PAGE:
5. D. Helbing & M. Treiber & A. Kesting & M. Schönhof, 2009. "Theoretical vs. empirical classification and prediction of congested traffic states," The European Physical Journal B: Condensed Matter and Complex Systems, Springer;EDP Sciences, vol. 69(4), pages 583-598, June.
    6. Verhoef, Erik T., 2002. "Second-best congestion pricing in general networks. Heuristic algorithms for finding second-best optimal toll levels and toll points," Transportation Research Part B: Methodological, Elsevier, vol. 36(8), pages 707-729, September.
    7. Yang, Hai & Huang, Hai-Jun, 1998. "Principle of marginal-cost pricing: how does it work in a general road network?," Transportation Research Part A: Policy and Practice, Elsevier, vol. 32(1), pages 45-54, January.
    8. Daganzo, Carlos F., 2007. "Urban gridlock: Macroscopic modeling and mitigation approaches," Transportation Research Part B: Methodological, Elsevier, vol. 41(1), pages 49-62, January.
    9. Geroliminis, Nikolas & Sun, Jie, 2011. "Properties of a well-defined macroscopic fundamental diagram for urban traffic," Transportation Research Part B: Methodological, Elsevier, vol. 45(3), pages 605-617, March.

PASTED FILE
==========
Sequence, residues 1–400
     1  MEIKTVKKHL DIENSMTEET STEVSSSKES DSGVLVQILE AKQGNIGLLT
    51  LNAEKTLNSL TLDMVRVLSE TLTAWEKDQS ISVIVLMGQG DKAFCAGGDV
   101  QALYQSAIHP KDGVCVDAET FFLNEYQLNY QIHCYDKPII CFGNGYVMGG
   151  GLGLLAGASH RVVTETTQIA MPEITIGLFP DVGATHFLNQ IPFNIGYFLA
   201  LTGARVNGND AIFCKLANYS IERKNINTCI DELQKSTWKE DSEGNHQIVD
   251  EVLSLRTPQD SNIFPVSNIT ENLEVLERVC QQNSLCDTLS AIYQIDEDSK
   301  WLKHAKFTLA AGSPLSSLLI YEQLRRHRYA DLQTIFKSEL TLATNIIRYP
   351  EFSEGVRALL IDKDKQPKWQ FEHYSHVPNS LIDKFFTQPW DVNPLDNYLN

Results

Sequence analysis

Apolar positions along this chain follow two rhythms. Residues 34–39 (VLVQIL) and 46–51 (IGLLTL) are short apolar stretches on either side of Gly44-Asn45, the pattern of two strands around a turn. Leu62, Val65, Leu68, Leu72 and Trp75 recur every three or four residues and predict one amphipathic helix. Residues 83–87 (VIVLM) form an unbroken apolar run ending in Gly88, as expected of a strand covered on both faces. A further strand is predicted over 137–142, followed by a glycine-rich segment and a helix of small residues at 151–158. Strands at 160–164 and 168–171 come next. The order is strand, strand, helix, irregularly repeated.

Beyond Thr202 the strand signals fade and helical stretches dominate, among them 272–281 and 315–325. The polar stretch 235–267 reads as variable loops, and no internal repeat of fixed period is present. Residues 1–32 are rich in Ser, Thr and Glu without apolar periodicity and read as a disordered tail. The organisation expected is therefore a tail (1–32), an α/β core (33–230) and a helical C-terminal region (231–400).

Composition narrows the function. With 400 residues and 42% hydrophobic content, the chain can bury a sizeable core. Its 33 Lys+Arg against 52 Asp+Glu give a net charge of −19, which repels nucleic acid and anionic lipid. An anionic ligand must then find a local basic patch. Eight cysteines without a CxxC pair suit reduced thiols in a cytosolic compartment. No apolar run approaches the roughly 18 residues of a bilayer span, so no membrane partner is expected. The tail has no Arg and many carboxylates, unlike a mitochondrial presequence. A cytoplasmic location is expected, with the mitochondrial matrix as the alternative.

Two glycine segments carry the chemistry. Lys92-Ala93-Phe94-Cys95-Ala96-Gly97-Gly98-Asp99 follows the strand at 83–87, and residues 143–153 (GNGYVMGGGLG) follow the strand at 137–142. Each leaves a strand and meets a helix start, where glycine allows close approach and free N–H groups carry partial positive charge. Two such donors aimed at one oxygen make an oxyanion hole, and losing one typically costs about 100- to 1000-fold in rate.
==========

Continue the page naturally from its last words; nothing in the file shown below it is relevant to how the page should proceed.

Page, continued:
10. May, A. D. & Milne, D. S., 2000. "Effects of alternative road pricing systems on network performance," Transportation Research Part A: Policy and Practice, Elsevier, vol. 34(6), pages 407-436, August.
    11. Small, Kenneth A. & Yan, Jia, 2001. "The Value of "Value Pricing" of Roads: Second-Best Pricing and Product Differentiation," Journal of Urban Economics, Elsevier, vol. 49(2), pages 310-336, March.
    12. Geroliminis, Nikolas & Daganzo, Carlos F., 2008. "Existence of urban-scale macroscopic fundamental diagrams: Some experimental findings," Transportation Research Part B: Methodological, Elsevier, vol. 42(9), pages 759-770, November.